The newly appointed provisional liquidators of SA Express have suspended the employment contracts of more than 600 workers, kick-starting a formal process that is aimed at shutting the entire operations of the troubled state-owned airline.
In a letter dated 15 May, which was obtained by Business Maverick, the liquidators told 691 SA Express workers that their employment contracts have been suspended – adding more woes for workers who haven’t been paid full salaries by the airline since 25 March.
The appointed liquidators – Aviwe Ndyamara, Kgashane Monyela, Clifford Maredi, Soria Marais, and Samantha Margolis-Pantellas – said the suspension of employment contracts was effective from 29 April, which is a day after the High Court in Johannesburg placed SA Express under provisional liquidation.
“The immediate effect of suspension will be that you [SA Express workers] will not be required to render services in terms of your employment contracts. This means that you will also not be obliged to remuneration in terms of your contracts. In addition, no benefits in terms of the Basic Conditions of Employment Act accrues to an employee arising out of any contract of service that is suspended,” reads the letter from the liquidators to workers.
Ndyamara, who is leading the team of liquidators, was not immediately available to comment on the suspension of SA Express employment contracts. Since Ndyamara and his team were appointed as SA Express provisional liquidators by the court, they have been investigating the affairs of the airline including meeting with its management and board, creditors, and the government.
Their letter confirms an already dire situation for SA Express workers who have not returned to work because the airline was officially grounded on 18 March due to cash flow problems and Covid-19 related travel bans.
By 25 May, it will be the third month in which SA Express workers have not been paid their full salaries as the government (the sole shareholder of the airline) has no clear plan on how outstanding salaries will be paid.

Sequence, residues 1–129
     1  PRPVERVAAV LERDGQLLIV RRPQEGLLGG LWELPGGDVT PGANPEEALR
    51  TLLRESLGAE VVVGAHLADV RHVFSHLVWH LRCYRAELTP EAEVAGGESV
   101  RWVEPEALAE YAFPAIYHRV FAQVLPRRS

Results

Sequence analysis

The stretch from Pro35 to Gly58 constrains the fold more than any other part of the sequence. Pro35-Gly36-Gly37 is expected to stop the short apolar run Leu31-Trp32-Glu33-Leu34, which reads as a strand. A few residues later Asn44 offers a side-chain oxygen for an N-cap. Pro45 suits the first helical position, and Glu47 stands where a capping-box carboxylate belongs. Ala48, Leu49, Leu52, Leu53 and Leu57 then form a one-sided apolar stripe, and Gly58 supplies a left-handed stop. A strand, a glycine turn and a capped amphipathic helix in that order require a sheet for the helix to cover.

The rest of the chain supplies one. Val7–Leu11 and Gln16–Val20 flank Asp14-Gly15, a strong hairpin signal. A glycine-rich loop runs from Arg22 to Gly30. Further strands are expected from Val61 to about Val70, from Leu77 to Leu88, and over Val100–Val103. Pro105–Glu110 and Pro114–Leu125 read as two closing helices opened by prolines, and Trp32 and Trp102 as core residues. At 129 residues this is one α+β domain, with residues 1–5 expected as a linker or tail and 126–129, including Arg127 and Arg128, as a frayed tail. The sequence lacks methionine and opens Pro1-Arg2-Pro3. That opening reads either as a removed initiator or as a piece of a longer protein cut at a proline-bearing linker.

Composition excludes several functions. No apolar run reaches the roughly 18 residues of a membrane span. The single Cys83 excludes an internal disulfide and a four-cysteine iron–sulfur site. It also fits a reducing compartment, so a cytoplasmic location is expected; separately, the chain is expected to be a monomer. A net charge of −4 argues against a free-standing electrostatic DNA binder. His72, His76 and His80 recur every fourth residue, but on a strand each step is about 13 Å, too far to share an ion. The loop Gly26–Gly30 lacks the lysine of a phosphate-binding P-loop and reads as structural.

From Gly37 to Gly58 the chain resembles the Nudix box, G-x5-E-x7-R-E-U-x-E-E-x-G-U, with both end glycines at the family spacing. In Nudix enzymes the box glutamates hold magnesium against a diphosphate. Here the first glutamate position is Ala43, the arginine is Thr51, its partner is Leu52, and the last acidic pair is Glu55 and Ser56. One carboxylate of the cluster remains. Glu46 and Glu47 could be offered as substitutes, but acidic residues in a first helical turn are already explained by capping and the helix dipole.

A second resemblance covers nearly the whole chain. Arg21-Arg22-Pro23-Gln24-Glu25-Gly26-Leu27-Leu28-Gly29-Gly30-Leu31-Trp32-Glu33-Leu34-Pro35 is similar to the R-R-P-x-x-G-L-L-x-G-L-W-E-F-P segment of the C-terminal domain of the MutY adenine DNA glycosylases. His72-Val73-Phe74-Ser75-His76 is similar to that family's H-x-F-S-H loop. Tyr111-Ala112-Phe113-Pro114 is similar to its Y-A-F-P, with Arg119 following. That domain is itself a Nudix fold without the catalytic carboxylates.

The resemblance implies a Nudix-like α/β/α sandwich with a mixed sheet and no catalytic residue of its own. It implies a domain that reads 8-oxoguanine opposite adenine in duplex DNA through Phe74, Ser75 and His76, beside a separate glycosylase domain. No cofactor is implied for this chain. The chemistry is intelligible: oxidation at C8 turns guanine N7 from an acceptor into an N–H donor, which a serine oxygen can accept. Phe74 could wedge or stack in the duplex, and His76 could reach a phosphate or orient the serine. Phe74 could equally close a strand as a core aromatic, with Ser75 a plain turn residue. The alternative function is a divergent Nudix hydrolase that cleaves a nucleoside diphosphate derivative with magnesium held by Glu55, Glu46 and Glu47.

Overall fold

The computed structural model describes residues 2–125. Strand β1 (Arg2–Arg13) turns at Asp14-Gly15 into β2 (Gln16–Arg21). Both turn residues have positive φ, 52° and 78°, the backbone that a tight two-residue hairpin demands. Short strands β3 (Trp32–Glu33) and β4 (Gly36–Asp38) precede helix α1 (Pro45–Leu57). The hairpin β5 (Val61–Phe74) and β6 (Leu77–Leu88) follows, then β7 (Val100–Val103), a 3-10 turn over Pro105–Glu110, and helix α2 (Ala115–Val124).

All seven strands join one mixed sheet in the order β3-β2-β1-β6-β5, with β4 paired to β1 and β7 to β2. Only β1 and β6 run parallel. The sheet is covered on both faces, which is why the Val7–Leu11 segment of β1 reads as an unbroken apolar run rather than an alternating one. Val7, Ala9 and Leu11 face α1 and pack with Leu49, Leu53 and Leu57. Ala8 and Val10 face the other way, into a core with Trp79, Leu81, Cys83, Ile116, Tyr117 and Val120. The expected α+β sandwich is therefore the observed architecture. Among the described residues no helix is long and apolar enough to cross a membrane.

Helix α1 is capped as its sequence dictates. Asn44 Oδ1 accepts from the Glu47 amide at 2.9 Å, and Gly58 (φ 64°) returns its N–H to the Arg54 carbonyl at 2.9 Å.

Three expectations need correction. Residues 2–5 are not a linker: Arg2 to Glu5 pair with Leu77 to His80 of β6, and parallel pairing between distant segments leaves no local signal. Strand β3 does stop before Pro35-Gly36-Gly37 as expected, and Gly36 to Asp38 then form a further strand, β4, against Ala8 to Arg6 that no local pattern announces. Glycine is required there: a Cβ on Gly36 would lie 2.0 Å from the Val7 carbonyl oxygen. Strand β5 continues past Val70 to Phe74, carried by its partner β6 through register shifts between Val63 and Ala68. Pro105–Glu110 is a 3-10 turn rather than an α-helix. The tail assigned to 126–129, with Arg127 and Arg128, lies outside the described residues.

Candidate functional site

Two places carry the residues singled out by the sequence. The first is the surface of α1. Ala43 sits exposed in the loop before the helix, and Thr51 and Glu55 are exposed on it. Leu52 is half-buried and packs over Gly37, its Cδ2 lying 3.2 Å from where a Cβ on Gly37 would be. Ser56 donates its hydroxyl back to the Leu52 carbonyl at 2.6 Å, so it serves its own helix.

Underscoring this is that Deputy Minister of Public Enterprises, Phumulo Masualle, told the Standing Committee on Public Accounts on Friday 15 May that talks with the liquidators to “revoke” the SA Express provisional liquidation came to naught. Talks with the Unemployment Insurance Fund to free up cash to pay worker salaries also failed.
Masualle said: “We are very sympathetic to the plight of employees, particularly the issues of not getting paid their salaries.”
The high court placed SA Express under provisional liquidation because its business rescue proceedings failed to restructure the airline, the second state-owned airline whose flight routes typically serve SA’s smaller cities as a feeder to SAA.
The appointed business rescue practitioners of SA Express, Phahlani Mkhombo and Daniel Terblanche, launched an urgent court application on 25 March to provisionally liquidate the airline because it had completely run out of cash and had no reasonable prospects of being rescued.
The court placed SA Express under provisional and not final liquidation because it wants all affected parties – including workers, trade unions, creditors, and management – to put forward their reasons why the court should not order the final liquidation of the airline.
A hearing for the possible final liquidation of SA Express is expected on 9 June. A final liquidation implies the immediate death of SA Express as its operations would permanently shut, all 691 employees would lose their jobs and assets would be sold to pay creditors.
Ndyamara and his team have warned workers of this worst-case scenario, saying if a potential buyer of the airline is not found 21 days after SA Express is placed under final liquidation, employment contracts at the airline would be permanently terminated.
In a final liquidation scenario under the Insolvency Act, the claim of workers for outstanding payments will rank high as their claims will be considered as “preferent”.
Under the Insolvency Act, SA Express workers will have a claim of up to R12,000 for salaries and wages, R4,000 for outstanding leave pay, and R12,000 for retrenchment pay. Workers will be paid from remaining funds realised through the sale of SA Express assets. But workers could only receive outstanding payments once all secured creditors of the airline, which could include commercial banks, have been paid money owed to them. DM/BM
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